We have been considering the issue of whether the evangelical church should engage in politics. Evangelicals are widely divided on this issue. We find, however, that the evangelical church did play a major role in politics in times past.
During the Revolutionary war the British referred to colonial pastors as the “Black Robed Regiment” because of the aggressive role that clergy played in supporting the American Revolution. They exerted substantial influence in the winning of American independence.
Likewise, we find that clergy played a significant role in promoting the cause of abolition of slavery prior to and during the Civil War. Charles Finney, probably the most prominent figure in the American Second Great Awakening, advanced the case for slavery being a sin. James E Johnson writes, “Finney was successful in linking evangelical circles to antislavery crusades.” Other ministers such as Henry Ward Beecher, brother of Harriet Beecher Stowe, author of Uncle Tom’s Cabin, aggressively advanced the cause of abolition.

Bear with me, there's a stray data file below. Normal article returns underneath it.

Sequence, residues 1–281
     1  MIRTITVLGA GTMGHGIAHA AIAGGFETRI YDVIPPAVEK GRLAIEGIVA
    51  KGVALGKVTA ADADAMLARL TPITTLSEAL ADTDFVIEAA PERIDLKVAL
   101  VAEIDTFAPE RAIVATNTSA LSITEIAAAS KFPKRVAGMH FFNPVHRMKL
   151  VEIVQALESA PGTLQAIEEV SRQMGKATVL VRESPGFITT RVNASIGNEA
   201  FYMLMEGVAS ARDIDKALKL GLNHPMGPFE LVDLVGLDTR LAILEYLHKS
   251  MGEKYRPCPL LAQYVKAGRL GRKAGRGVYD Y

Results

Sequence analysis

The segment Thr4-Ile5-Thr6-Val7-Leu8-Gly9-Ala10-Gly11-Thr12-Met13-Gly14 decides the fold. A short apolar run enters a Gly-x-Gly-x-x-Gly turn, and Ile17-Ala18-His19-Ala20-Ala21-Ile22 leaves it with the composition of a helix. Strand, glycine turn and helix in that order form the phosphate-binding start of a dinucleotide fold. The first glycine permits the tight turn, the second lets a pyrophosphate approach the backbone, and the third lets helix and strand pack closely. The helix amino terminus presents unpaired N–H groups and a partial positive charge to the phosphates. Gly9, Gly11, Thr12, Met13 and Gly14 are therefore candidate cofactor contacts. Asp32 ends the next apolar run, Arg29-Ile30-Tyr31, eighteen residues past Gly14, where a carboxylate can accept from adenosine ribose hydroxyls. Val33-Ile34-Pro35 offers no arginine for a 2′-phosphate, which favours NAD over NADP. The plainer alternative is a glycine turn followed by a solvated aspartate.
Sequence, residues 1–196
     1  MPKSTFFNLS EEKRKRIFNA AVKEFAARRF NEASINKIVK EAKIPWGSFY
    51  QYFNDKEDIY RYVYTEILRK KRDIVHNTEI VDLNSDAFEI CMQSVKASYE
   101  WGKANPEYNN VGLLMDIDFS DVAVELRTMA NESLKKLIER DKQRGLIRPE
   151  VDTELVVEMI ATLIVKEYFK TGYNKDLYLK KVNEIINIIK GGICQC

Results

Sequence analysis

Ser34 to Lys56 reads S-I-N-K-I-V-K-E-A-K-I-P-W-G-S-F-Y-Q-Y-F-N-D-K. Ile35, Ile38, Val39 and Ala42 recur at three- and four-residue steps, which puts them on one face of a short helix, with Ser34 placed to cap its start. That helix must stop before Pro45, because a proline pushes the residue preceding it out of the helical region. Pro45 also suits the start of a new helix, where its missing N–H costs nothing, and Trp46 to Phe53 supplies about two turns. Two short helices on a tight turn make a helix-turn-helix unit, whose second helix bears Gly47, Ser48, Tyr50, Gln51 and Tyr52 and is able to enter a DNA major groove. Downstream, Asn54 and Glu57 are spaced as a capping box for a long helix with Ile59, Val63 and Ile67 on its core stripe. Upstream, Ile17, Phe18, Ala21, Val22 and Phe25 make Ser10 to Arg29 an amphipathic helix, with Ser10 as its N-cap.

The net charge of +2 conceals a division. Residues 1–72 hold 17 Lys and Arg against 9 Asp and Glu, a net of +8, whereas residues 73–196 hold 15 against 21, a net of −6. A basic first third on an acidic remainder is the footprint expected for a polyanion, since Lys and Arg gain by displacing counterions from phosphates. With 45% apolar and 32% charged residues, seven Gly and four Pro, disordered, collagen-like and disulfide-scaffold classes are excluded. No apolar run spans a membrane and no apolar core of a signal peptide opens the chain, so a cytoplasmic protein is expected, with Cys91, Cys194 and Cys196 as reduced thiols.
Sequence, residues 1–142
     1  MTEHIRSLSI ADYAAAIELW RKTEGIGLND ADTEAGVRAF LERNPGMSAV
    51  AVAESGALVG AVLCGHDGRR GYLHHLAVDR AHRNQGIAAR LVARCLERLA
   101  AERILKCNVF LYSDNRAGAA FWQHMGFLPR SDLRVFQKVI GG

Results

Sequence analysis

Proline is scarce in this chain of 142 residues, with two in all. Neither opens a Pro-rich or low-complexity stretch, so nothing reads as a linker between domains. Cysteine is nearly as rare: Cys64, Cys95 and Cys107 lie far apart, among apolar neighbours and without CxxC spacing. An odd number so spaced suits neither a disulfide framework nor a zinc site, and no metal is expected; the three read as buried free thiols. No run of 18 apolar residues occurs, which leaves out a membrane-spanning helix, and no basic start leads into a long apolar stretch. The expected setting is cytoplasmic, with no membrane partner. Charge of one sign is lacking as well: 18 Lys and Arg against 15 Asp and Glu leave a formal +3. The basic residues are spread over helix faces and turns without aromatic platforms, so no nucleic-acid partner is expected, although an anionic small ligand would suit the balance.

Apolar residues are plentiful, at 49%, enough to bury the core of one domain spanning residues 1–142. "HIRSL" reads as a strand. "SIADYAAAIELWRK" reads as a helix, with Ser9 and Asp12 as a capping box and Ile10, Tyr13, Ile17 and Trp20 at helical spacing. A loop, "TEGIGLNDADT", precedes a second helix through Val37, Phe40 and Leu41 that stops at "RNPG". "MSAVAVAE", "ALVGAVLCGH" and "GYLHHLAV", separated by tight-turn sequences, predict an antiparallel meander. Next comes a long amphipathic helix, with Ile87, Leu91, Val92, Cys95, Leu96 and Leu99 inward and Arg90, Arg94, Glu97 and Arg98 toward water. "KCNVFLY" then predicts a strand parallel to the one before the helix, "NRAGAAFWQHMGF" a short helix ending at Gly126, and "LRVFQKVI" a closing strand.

These and other clergy motivated many Christian laypersons to engage in the abolitionist movement, resulting in the formation of influential organizations such as American Anti-Slavery Society. Arthur and Lewis Tappan, wealthy New York City Christian businessman, invested heavily in the anti-slavery movement. These Christian sources were highly influential in terminating slavery in the United States.
We see, then, that American pastors and the American church played a significant role in bringing about American freedom and the freedom of American slaves. Apart from this involvement these outcomes might have been different.
To a great extent American church leaders actively participated in politics until about the beginning of the 1900s. What occurred then to change the perspective of many evangelical leaders on this issue? That w will ill be our next topic.